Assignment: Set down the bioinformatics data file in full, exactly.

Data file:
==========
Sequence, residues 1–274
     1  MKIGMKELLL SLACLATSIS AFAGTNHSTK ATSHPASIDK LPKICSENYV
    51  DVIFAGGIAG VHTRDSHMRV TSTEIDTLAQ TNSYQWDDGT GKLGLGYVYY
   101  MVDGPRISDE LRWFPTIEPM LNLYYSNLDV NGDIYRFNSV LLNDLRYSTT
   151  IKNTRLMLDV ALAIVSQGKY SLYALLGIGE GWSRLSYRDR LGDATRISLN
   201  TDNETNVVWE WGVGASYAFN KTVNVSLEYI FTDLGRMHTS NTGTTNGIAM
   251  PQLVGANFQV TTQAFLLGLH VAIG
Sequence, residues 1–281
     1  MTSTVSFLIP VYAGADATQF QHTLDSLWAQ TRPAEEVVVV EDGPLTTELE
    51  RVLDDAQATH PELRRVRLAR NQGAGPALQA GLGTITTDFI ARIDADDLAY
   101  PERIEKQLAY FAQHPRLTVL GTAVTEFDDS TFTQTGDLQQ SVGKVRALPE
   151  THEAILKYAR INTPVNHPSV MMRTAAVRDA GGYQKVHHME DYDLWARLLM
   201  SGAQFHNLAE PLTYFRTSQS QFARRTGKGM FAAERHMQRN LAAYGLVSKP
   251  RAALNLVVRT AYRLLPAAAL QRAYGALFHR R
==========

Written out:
Sequence, residues 1–274
     1  MKIGMKELLL SLACLATSIS AFAGTNHSTK ATSHPASIDK LPKICSENYV
    51  DVIFAGGIAG VHTRDSHMRV TSTEIDTLAQ TNSYQWDDGT GKLGLGYVYY
   101  MVDGPRISDE LRWFPTIEPM LNLYYSNLDV NGDIYRFNSV LLNDLRYSTT
   151  IKNTRLMLDV ALAIVSQGKY SLYALLGIGE GWSRLSYRDR LGDATRISLN
   201  TDNETNVVWE WGVGASYAFN KTVNVSLEYI FTDLGRMHTS NTGTTNGIAM
   251  PQLVGANFQV TTQAFLLGLH VAIG
Sequence, residues 1–281
     1  MTSTVSFLIP VYAGADATQF QHTLDSLWAQ TRPAEEVVVV EDGPLTTELE
    51  RVLDDAQATH PELRRVRLAR NQGAGPALQA GLGTITTDFI ARIDADDLAY
   101  PERIEKQLAY FAQHPRLTVL GTAVTEFDDS TFTQTGDLQQ SVGKVRALPE
   151  THEAILKYAR INTPVNHPSV MMRTAAVRDA GGYQKVHHME DYDLWARLLM
   201  SGAQFHNLAE PLTYFRTSQS QFARRTGKGM FAAERHMQRN LAAYGLVSKP
   251  RAALNLVVRT AYRLLPAAAL QRAYGALFHR R